This leads to a dissolving of us versus them, not only for organizations but also for individuals. If I'm going to ask organizations or individuals to strive for these standards, then I, too, need to explore my own being and my practices. If I'm going to ask clinicians and researchers and administrators to take risks, then I, Sharon, need to take risks as well. I need to face my personal fears. My fear of not having enough impact. My fear of not leading well. My fear of not being enough.
Just before they entered their teens, our kids stopped us in our tracks and said, "You have to stop worrying about making a difference, making an impact, and instead, like us, learn to live with disease rather than fight it." I have to ask, where does all my fear come from? The kids' declaration shines a spotlight on that fear. It arises from a bedrock of love. I love Elizabeth and Ian. I love people with PXE. I love people with any disease. I love people. Some of my colleagues have discovered that it is not death we fear, it is the enormity of our loving. This expansive love opens me to great pain as I face loss.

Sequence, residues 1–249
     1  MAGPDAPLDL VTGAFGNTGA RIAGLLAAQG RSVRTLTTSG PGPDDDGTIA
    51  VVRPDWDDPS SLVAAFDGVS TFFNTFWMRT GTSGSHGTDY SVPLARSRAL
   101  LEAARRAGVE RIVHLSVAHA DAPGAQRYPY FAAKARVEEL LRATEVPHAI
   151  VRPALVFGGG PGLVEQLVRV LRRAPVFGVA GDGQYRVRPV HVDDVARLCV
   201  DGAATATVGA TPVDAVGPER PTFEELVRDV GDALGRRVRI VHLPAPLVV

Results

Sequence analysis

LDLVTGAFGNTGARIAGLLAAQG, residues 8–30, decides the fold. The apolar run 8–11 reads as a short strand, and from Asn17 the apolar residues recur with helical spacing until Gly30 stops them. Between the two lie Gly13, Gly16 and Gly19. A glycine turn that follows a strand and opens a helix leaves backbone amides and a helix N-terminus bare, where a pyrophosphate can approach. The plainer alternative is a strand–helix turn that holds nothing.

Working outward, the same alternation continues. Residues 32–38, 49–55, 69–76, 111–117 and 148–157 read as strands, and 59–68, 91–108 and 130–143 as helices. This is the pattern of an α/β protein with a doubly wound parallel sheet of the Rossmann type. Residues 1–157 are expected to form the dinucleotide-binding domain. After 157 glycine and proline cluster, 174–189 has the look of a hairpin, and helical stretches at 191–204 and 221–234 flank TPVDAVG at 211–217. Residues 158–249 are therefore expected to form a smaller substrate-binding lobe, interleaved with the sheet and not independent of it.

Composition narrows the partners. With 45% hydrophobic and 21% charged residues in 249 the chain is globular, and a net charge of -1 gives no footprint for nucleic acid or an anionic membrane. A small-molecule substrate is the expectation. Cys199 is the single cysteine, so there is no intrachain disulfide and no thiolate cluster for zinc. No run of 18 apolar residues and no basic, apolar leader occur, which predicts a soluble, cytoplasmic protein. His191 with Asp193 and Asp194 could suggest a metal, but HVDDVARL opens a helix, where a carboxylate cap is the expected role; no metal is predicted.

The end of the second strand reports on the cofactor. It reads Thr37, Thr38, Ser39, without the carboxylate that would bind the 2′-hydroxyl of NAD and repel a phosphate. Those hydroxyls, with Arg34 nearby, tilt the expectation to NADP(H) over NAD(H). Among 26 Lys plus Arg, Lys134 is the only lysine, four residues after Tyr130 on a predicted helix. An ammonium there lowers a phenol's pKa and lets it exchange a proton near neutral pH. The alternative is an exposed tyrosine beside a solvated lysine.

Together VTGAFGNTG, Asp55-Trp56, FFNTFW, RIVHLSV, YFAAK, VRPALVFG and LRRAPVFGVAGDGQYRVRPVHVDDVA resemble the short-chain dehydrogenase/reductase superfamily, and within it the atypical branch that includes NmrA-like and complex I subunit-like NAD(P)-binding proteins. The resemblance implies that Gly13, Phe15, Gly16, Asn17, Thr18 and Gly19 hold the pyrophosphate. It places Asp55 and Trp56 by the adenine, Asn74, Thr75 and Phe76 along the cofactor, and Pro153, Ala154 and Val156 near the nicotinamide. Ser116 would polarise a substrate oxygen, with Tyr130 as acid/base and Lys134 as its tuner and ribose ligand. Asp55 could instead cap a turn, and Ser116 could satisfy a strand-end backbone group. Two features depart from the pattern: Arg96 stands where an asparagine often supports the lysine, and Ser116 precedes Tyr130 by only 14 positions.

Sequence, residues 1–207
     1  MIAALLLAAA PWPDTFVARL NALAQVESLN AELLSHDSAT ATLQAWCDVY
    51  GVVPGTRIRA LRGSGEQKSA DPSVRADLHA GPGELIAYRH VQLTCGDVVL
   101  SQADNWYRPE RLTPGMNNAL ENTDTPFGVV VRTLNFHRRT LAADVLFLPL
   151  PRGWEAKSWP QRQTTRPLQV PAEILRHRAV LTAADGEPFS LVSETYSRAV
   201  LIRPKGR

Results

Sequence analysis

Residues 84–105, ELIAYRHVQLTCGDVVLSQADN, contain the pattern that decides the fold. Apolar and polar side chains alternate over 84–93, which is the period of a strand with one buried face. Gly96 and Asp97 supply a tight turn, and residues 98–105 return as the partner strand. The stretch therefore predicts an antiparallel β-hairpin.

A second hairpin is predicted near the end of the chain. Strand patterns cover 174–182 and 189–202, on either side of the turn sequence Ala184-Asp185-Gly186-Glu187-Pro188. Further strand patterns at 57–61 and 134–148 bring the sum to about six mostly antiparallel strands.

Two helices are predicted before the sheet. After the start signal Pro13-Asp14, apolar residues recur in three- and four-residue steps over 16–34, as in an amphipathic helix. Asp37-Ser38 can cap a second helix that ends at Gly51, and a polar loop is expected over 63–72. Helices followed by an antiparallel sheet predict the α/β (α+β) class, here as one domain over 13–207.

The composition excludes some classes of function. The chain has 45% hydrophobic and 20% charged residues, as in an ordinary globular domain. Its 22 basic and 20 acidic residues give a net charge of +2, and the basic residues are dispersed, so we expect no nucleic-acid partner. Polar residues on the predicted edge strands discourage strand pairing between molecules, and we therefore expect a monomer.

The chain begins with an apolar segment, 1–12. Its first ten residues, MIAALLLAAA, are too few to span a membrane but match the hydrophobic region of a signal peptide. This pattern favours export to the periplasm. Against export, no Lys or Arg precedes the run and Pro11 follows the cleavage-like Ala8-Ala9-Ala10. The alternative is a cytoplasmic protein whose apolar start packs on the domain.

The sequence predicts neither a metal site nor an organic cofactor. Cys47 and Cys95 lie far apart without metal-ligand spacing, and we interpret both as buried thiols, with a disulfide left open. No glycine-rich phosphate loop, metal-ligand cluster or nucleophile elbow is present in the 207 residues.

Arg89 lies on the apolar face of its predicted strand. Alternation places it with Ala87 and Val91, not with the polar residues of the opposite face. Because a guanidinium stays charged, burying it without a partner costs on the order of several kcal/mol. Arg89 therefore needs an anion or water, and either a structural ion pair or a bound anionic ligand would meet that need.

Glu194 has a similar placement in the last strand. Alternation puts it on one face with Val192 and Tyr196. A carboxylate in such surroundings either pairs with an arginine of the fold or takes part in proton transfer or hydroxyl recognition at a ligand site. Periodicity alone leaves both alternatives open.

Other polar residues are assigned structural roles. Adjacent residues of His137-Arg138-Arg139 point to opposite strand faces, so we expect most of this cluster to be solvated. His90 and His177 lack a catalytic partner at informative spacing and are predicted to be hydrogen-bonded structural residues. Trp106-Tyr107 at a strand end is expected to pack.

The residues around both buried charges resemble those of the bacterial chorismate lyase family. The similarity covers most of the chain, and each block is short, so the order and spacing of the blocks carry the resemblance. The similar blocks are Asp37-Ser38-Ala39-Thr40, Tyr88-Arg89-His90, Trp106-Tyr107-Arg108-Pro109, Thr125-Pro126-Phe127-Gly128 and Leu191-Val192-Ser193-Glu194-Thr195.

As I discover my fear, I discover that I and all those around me have boundless capacity for love. And I also discover as I move into this fear, that I can learn many new things and find paths to things like practical solutions as well as the core of healing and health.
I don't fear fear the way I used to. In fact, lately, with enormous support from all my fellow journeyers, I notice that it's not a warning the way it used to be. I notice that instead, it's an invitation to go forward because in it lies love and the path to greater love. If I turn with gentle curiosity toward that fear, I find enormous wealth within myself and others and the ability to step into challenges that I never thought I could.
My kids are ahead of me on that path still. At ages 29 and 27, they declare they are happy and healthy despite having manifestations of PXE in their skin and eyes and arteries. And so I invite you, us, we, to turn toward our fear; to embrace the things that scare us and find the love at the center. We'll not only find ourselves there, but we'll also be able to step into the shoes of those we fear and those who fear us. If we breathe into that fear and are vulnerable with the systems and people who challenge us, our power as changemakers grows exponentially. And when we realize that working on our inner life is working on our outer life and outer work is inner work, we get down to what is real and shit gets done. There is no limit to what we can accomplish together.